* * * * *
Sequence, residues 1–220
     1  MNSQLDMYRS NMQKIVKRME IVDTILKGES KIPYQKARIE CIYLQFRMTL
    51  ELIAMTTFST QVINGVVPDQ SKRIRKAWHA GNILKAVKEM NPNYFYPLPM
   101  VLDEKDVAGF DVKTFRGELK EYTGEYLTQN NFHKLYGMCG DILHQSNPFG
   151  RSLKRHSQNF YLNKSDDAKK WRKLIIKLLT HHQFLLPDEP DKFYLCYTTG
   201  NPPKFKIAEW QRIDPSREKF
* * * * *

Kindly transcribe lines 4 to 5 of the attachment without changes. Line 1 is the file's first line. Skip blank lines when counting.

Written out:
   101  VLDEKDVAGF DVKTFRGELK EYTGEYLTQN NFHKLYGMCG DILHQSNPFG
   151  RSLKRHSQNF YLNKSDDAKK WRKLIIKLLT HHQFLLPDEP DKFYLCYTTG